“May you live in interesting times…”

It is slowly dawning on me – or, perhaps more accurately, sneaking up on me, because I certainly do not feel it – that I will be turning sixty this fall. Whatever effects this may or may not be having on me on a personal level, though, is something best left for another time. You see, this post is not about aging. Rather, it is (for lack of a better term) about history.

I will start by putting things into a rather astonishing perspective: Sometime in mid- or late December of this year, I will have officially been around for one-fourth of the history of the United States. (Do the math, kiddies.) I can already hear the comments from some implying that I was probably around for the Civil War; I will tell you right now to zip it, you young whippersnapper. No, I was not even around for World War II or the Korean War. (I know…technically the Korean conflict is still going because of the lack of a signed armistice…work with me on this one.) Even at that, things were quite hectic globally when I made my grand entrance (although my mother might have viewed it as more of an exit, perhaps). There was something of a conflict (translation: “war”) in the Middle East over the Suez Canal; at the same time, the Soviet Union was leading an invasion of Hungary with the aim of ousting a reform government. So…my world was off to a fine start from the get-go. And, although there were historic triumphs over the years, a goodly percentage of the historical events in my lifetime were of the sort that were, at best, a matter of dodging a proverbial bullet (Watergate, the Cuban missile crisis) or, more commonly, flat-out disaster (9/11, the JFK assassination). Now, not everything that happened over the years was on the same scale as these events…but there were moments scattered throughout that were destined for the history books. And the key word here is “scattered”; there might be a couple of historically notable stories in a given year…but as a rule, the really big stories seemed to spread out…to give one a chance to catch one’s breath, as it were.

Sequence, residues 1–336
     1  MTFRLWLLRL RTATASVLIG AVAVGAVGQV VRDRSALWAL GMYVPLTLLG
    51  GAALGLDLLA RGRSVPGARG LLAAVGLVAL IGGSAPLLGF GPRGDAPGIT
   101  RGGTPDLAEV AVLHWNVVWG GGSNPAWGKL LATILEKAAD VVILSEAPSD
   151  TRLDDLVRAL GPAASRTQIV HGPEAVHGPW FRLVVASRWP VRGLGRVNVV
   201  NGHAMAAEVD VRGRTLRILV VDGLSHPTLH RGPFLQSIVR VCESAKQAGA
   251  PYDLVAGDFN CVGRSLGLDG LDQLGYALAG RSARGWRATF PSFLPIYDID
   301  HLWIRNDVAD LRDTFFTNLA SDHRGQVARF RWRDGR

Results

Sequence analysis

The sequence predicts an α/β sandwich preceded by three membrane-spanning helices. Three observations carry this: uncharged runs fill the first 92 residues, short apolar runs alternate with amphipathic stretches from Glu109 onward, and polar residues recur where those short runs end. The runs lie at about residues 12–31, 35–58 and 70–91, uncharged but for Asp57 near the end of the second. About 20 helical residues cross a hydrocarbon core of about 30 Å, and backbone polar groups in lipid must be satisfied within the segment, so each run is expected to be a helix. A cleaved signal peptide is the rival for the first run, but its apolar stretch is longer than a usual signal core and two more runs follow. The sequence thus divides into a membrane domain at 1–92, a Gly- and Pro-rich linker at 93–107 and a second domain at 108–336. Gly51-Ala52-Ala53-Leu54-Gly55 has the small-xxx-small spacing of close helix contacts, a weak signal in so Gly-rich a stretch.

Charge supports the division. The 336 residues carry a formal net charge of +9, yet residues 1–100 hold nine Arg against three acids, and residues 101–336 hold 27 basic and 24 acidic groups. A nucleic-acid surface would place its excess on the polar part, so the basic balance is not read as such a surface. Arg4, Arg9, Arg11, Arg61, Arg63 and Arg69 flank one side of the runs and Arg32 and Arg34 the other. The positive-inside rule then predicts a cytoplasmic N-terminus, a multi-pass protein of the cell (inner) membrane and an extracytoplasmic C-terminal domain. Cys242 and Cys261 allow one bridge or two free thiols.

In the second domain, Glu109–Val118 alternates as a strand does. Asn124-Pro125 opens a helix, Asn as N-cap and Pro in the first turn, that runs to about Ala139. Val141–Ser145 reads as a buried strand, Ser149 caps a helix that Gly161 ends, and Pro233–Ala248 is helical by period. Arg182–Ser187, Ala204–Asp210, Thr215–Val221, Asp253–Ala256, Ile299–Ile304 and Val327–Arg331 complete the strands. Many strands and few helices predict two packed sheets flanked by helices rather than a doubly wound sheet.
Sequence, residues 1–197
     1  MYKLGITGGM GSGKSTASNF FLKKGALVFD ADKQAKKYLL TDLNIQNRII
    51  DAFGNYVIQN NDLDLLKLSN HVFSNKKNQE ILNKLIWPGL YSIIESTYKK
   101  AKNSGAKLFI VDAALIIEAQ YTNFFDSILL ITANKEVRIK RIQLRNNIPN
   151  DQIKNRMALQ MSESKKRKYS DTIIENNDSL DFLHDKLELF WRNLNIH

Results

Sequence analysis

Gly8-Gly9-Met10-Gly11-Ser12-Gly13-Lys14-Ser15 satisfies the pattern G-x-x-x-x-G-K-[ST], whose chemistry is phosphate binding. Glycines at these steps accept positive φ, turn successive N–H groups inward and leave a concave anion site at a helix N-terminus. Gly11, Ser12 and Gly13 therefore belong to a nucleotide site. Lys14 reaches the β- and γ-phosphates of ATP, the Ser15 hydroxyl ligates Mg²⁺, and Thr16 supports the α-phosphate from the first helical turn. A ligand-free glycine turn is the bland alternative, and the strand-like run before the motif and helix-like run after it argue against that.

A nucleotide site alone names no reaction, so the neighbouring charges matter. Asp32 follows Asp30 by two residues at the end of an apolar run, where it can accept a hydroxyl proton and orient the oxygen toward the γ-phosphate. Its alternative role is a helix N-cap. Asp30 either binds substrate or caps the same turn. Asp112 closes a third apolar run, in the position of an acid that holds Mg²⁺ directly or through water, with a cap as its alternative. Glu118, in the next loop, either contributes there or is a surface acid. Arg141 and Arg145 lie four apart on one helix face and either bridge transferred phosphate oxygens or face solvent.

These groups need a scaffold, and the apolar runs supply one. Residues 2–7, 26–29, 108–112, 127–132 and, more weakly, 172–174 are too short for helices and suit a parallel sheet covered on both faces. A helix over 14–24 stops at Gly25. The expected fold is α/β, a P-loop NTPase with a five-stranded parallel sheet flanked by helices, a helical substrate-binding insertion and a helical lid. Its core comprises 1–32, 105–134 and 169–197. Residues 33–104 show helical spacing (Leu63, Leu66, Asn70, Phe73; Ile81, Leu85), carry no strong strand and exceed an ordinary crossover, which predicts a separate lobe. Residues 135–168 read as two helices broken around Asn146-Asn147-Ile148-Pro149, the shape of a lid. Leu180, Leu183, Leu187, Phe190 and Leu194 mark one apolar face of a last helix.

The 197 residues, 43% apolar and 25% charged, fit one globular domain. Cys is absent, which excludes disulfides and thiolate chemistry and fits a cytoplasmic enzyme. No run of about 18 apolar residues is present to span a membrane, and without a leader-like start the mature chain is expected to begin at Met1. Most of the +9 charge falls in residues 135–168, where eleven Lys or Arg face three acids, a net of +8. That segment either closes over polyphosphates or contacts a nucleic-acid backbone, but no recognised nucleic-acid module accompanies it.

And then there was 1968.

If there will ever be more of an effed-up year than 1968 in my lifetime, I really would not want to know about it. The assassinations of Martin Luther King and Robert Kennedy; the Tet offensive and the My Lai massacre in Vietnam; the Soviet invasion of Czechoslovakia, mirroring that of Hungary a dozen years before; the collapse of Lyndon Johnson’s re-election bid; the debacle at the Democratic convention in Chicago…all of this as I was beginning to understand that, throughout history, events had ramifications beyond the events themselves. This was a fine time to first be grasping such an awareness…to be looking at the world around me and wondering just what in hell was going on, at the same time that the adults were likely wondering the same thing.

But now we are in 2016. There is the rise of Donald Trump, both in terms of him personally, as well as the spectacle of his rallies and his followers, and the pushback that is beginning to take shape – along with the uncertainty of how this will play out, in terms of the nomination, the election, and its aftermath. There is the imminent showdown over the vacancy on the Supreme Court. There is everything happening in the Middle East, with both the regional and the global implications – and how we here in America should best deal with the related threats. In regards to the opening sentence of the previous paragraph: I fear – for all of us – that 2016 may yet top 1968 when history looks back a generation from now. And, if it does, just what the implications will be for all of us.

Hopefully, though, I will someday celebrate the fact that I will have been around for one-third of our nation’s history…and that 1968 will still be tops on this particular list.



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